By Paul Savage, MD, FAARM, ABAARM – Founder and Chief Medical Officer | Power2Practice
What are hormone pellets?
There are many medical studies coming out about the use of topical testosterone in women. In this post, I would like to provide a run-down of the current medical research on a different and superior method of delivering testosterone: pellet implantation.
Pellets, also known as implants, are made up of hormone (such as testosterone) that is pressed into tiny cylinders. The majority of pellets are made by compounding pharmacists and are ideal because they deliver steady, healthy levels of hormone over a period of a few months, as opposed to other delivery methods, which may fluctuate.
Testosterone pellet for treatment of hormone imbalance in women is not experimental, and has been shown to be a superior treatment for treatment of endometriosis, uterine fibroids, and PMS; improvement of insomnia, sex drive, libido, hot flashes, palpitations, headaches, irritability, depression, aches, pains, lethargy and vaginal dryness, while also improving bone density and supporting longterm bone density maintenance—without increasing the risk of breast cancer.
Quick Facts on Pellet Therapy
- Hormone replacement therapy by pellet implantation has been used with great success in the United States, Europe, and Australia since 1938 and was found to be superior to other methods of hormone delivery (Greenblatt 49, Mishnell 41, Cantrill 84, Stanczyk 88).
- Pellets deliver consistent, physiologic levels of hormones and avoid the fluctuations of hormone levels seen with other methods of delivery (Greenblatt 49, Thom 81, Cantrill 84 Stanczyk 88).
- Estrogen delivered by subcutaneous implants maintains the normal ratio of estradiol to estrone (Thom 81, Stanczyk 88, Owen 92, Cravioto 01).
- Hormones delivered by the subcutaneous implants bypass the liver, do not affect clotting factors and do not increase the risk of thrombosis (Notelovitz 87, Seed 00).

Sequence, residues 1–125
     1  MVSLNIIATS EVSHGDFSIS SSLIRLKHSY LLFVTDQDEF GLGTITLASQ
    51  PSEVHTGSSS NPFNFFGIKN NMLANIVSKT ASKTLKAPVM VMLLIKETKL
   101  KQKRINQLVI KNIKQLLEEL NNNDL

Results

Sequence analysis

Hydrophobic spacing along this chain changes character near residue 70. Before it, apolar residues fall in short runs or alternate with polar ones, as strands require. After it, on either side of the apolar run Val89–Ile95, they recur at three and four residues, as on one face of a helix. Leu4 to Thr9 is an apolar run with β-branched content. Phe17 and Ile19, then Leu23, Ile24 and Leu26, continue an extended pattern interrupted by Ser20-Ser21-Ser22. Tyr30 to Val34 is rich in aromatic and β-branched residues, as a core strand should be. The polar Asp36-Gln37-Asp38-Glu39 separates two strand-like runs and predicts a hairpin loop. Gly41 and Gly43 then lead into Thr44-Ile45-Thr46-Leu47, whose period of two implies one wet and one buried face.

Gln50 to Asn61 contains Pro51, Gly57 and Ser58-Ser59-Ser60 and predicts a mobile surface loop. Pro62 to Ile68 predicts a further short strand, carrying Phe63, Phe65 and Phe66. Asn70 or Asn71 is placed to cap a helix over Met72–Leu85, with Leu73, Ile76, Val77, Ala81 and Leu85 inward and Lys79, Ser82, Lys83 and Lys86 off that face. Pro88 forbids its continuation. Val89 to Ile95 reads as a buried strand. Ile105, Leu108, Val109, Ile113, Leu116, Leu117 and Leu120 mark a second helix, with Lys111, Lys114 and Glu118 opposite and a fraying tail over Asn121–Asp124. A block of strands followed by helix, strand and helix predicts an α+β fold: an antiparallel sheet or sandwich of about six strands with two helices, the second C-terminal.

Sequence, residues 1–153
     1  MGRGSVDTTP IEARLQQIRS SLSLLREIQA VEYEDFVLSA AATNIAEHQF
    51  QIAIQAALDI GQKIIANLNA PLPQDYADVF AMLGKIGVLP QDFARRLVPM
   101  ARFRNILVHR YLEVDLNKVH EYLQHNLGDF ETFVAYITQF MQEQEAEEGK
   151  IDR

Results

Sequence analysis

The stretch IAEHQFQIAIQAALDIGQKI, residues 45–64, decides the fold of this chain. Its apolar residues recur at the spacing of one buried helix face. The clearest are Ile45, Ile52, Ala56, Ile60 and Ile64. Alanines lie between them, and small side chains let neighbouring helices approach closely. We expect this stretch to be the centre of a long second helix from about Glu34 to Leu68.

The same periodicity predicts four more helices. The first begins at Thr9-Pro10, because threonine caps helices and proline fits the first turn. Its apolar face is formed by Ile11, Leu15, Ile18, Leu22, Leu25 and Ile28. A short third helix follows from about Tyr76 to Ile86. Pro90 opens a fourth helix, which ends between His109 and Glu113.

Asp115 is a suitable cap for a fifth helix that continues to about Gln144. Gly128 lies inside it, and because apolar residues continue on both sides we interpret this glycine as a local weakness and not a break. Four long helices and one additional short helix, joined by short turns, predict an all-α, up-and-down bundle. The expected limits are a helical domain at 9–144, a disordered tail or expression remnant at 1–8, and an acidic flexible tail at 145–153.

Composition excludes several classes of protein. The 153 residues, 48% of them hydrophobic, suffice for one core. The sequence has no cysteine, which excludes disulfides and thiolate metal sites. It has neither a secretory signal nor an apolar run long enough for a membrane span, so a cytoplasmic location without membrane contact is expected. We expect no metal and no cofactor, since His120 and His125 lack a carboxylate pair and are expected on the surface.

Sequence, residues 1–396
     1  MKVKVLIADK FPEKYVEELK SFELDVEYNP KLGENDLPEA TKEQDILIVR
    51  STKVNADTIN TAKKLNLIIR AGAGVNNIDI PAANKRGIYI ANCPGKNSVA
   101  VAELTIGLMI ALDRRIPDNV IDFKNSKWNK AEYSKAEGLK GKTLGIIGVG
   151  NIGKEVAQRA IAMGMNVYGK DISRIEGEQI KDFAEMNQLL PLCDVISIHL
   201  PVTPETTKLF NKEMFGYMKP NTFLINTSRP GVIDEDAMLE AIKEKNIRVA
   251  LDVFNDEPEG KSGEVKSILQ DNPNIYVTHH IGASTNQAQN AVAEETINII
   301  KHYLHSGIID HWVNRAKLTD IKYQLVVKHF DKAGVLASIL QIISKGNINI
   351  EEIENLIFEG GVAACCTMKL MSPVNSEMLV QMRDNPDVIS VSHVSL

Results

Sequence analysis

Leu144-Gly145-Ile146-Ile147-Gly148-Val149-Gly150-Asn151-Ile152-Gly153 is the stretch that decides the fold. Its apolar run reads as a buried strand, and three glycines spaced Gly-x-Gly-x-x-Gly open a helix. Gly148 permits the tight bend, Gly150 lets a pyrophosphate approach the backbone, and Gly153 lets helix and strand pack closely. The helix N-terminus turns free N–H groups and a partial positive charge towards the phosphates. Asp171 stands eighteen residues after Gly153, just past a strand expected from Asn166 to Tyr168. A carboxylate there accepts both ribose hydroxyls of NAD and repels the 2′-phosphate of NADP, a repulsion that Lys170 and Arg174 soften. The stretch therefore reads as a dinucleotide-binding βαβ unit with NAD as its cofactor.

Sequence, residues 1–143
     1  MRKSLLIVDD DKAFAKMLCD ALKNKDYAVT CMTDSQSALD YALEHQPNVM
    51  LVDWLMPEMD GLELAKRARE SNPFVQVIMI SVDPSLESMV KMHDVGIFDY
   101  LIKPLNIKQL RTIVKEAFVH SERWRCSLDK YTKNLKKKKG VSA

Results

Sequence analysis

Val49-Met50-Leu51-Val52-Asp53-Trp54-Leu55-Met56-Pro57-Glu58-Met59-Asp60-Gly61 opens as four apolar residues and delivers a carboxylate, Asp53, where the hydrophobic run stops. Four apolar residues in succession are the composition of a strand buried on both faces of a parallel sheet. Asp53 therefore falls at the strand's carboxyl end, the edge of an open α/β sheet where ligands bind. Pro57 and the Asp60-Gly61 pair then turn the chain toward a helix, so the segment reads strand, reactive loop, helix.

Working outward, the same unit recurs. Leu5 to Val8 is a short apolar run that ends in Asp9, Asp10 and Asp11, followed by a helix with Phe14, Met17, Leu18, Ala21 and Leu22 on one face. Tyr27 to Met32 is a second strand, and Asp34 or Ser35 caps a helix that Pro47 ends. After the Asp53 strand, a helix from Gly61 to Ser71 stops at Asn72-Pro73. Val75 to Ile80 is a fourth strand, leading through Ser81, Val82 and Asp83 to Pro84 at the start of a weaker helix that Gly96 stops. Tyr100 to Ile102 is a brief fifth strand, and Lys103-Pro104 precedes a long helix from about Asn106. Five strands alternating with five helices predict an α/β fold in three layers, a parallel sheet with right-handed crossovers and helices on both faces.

- Testosterone delivered subcutaneously by pellet implant is cardiac protective, unlike oral, synthetic methyl-testosterone (Sands 97, Worboys 00).
- Testosterone delivered by pellet implantation does not adversely affect blood pressure, lipid levels, glucose or liver functions (Burger 84, Farish 84, Fletcher 86,Barlow 86, Notelovitz 84, Stanczyk 88, Davis 95, 00, Sands 97, Seed 00, Cravioto 01).
Menstrual Cycle Affect
- Testosterone, delivered by pellet implant does not affect the menstrual cycle (Dewis 86) and has been used to treat endometriosis and uterine fibroids (Greenblatt 49).
Relief of Menopausal Symptoms
- Pellets are superior to oral and topical hormone therapy with respect to relief of menopausal symptoms (Staland 78, Cardoza 84).
- Testosterone implants have consistently been shown to improve insomnia, sex drive, libido, hot flashes, palpitations, headaches, irritability, depression, aches, pains, and vaginal dryness (Staland 78, Thom 81, Brincat 84, Davis 95, 00, Cravioto 01).
- Testosterone implants in women have been shown to improve lethargy, depression, loss of libido, and hot flashes as well as cardiac and lipid profiles (Farish 84, letcher 86, Sands 97, Seed 00).
- Testosterone pellet implants have also been used to successfully treat severe pre-menstrual syndrome unresponsive to other forms of therapy, without adverse effects (Dewis84).
Bone Density Affect
- Hormone replacement therapy with testosterone implants is superior to oral and topical (both the patch and gel) hormone replacement therapy for bone density (Savvas 88, 92, Davis 95, Anderson 97).
- The consistent, adequate levels of testosterone delivered by pellet implant are important in maintaining bone mineral density (Aminoroaya 05) while also being available as a substrate for the production of estradiol (Simpson 02, 03).
- The pellets not only prevent bone loss but also actually increase bone density (Savvas 88, Studd 90, Garnett 91, Savvas 92, Naessen 93, Holland 94, Studd 94, Davis 95, Anderson 97, Seed 00, Panay 00).